The long-lost Lord Simcoe Hotel

Opened on May 15, 1957 at 150 King Street West and University Avenue, the Lord Simcoe Hotel was one of Toronto’s first postwar downtown hotels and certainly the shortest-lived. In October 1979, after only 22 years of operation, the hotel closed its doors and was subsequently demolished to make way for the east tower of the Sun Life Centre.

The Lord Simcoe was designed by veteran Montreal architect Henry T. Langston. Langston enclosed the hotel’s 900 rooms within a wide and shallow building envelope, bookending the north and south façades with projecting wings faced in limestone. Curtainwalls were a subdued blue-grey glass overlaid with narrow bands of aqua-green porcelain enamel. A deep canopy sheltered the main entrance on King Street, flanked by bookmatched marble panels and deftly angled to draw in passersby. Gold-toned anodized aluminum rather garishly framed the windows and wall panels in the building podium.

Restaurants and guest rooms were designed and furnished by the T. Eaton Company. The three restaurants—The Pump Room, The Captain’s Table and The Country Fare—were decorated in historical styles. The luxurious Pump Room was reportedly inspired by its 1795 neoclassical namesake in Bath, England; accordingly, waiters wore long red tailcoats and served prime rib skewered on swords. The entrance lobby and public areas were considerably more modern, with lots of sleek walnut paneling, brass trim and floor tiles in a checkerboard pattern. “Rest-Assured” guest rooms were similarly outfitted in walnut and brass, and boasted television sets to receive Toronto’s sole TV station.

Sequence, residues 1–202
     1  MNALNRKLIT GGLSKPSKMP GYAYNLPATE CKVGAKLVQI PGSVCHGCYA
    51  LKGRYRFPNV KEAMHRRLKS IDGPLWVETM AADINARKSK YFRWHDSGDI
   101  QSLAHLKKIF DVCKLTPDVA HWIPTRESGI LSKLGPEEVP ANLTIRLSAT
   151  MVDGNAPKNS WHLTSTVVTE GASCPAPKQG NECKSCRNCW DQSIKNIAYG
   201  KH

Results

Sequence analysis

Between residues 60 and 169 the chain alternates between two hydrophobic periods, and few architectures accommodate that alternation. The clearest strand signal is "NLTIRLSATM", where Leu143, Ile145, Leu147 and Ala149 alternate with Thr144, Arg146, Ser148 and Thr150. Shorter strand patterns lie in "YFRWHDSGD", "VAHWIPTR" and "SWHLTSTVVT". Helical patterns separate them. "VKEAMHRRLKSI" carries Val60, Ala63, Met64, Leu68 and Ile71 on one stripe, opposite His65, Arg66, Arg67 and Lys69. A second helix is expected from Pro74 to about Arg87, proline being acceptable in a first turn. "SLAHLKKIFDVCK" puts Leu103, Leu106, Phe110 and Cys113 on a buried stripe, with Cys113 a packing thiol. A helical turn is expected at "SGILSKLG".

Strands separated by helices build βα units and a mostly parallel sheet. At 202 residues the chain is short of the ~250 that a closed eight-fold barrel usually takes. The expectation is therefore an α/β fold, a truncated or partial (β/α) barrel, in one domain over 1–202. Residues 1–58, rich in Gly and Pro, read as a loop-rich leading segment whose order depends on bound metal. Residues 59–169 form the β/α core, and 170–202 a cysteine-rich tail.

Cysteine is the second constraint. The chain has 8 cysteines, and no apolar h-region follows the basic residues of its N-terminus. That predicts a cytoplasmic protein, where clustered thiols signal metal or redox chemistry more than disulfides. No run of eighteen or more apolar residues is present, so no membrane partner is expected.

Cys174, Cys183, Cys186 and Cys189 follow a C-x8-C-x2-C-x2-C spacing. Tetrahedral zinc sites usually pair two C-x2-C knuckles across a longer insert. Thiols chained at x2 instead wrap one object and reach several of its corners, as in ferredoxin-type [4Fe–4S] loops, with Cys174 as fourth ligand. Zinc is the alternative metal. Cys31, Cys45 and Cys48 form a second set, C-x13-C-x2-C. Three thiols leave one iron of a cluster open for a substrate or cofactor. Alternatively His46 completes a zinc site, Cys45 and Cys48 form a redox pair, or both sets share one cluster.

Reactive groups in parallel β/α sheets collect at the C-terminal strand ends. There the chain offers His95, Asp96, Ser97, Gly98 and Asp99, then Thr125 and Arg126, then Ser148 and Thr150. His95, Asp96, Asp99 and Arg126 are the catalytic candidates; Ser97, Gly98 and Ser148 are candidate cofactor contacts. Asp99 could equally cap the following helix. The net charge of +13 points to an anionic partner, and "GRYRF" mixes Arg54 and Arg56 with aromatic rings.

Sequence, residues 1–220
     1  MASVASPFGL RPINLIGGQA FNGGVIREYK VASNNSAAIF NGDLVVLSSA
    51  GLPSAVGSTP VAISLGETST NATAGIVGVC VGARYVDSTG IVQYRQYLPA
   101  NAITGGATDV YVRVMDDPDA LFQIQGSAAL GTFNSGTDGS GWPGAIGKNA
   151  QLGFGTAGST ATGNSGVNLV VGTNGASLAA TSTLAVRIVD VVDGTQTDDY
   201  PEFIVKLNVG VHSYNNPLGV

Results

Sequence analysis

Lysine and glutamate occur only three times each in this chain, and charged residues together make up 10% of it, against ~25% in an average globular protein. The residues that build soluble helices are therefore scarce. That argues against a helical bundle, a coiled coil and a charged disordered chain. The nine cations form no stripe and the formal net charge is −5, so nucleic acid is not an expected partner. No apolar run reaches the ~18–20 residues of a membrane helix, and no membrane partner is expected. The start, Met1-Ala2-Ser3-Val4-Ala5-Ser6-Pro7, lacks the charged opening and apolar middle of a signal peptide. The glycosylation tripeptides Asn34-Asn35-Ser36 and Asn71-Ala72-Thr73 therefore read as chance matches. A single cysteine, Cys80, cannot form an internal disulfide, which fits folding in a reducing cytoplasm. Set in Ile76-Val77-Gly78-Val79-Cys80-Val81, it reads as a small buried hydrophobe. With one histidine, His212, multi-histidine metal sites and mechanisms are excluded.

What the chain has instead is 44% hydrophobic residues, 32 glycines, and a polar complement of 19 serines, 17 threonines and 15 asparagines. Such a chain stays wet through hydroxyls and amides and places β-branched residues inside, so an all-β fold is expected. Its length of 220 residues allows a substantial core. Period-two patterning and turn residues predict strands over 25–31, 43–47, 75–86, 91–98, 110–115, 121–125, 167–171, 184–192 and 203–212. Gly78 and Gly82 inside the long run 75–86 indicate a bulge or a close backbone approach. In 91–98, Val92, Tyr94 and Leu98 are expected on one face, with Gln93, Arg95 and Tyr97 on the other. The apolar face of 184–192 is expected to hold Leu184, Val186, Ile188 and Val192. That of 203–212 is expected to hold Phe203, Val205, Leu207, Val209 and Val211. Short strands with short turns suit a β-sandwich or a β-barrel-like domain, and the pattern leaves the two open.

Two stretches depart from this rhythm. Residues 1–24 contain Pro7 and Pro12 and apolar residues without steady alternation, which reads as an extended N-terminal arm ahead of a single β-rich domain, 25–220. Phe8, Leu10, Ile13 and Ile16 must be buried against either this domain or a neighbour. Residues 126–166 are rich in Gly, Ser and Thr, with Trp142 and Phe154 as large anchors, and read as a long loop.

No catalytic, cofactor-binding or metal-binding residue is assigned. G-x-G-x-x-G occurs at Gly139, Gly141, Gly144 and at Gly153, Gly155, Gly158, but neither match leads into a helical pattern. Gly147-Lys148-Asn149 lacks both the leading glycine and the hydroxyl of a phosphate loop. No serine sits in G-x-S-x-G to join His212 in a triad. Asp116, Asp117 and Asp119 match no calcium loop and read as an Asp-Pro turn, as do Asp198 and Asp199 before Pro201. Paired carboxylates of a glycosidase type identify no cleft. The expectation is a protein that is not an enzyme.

The Lord Simcoe proved to be only sporadically profitable, although its cocktail lounge was a favourite Bay Street watering hole for many years. By the mid-1970s the hotel seemed painfully dated, and its lack of central air conditioning and large conference spaces left it uncompetitive with newer downtown hotels. Rising land values and increasing demand for office space in the financial district finally sealed its fate.

As a side note, Lord Simcoe was actually a misnomer: Governor John Graves Simcoe was never elevated to the peerage, despite serving as the first lieutenant-governor of Upper Canada and founding what is now Toronto. Lord Simcoe Hotel was presumably chosen by the hotel’s management company to match their existing Lord Elgin Hotel in Ottawa and Lord Beaverbrook Hotel in Fredericton, New Brunswick.

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5 Responses to “The long-lost Lord Simcoe Hotel”


  1. 1 Marion Colbourne September 9, 2011 at 4:52 pm

    I have many fond memories of dining in the Pump Room of The Lord Simcoe Hotel. I also have the front page of the Globe and Mail showing a photograph of our family and friends celebrating News Years Eve there on January 1, 1960 as well as individual photos taken by The Telegram of the same occasion.

  2. 2 Sean Hickey October 27, 2012 at 12:42 am

    I am just completing my autobiography and have seen searching for a photograph of the Lord Simcoe Hotel, where I stayed on arrival in Toronto in 1964.
    The first one above would be great to use. Would you be prepared to grant permission, and what fee would you charge?

  3. 4 William Clarke November 2, 2012 at 5:16 pm

    Hi Sean, When I emigrated to Canada in 1972 my first job was at the Lord Simcoe. It was an entry job. I found myself cleaning air ducts on the roof, helping to lay carpets, and cleaning toilets – anything. It was memorable and I looking back fondly.

  4. 5 Gord Purdy June 17, 2013 at 10:08 pm

    Hello, worked on the front desk back in the 60,s with Wally Peters, Les Bull , Ron Massey, and others can t remember names, any more, like to hear from any one on the front desk at that time Gord Purdy


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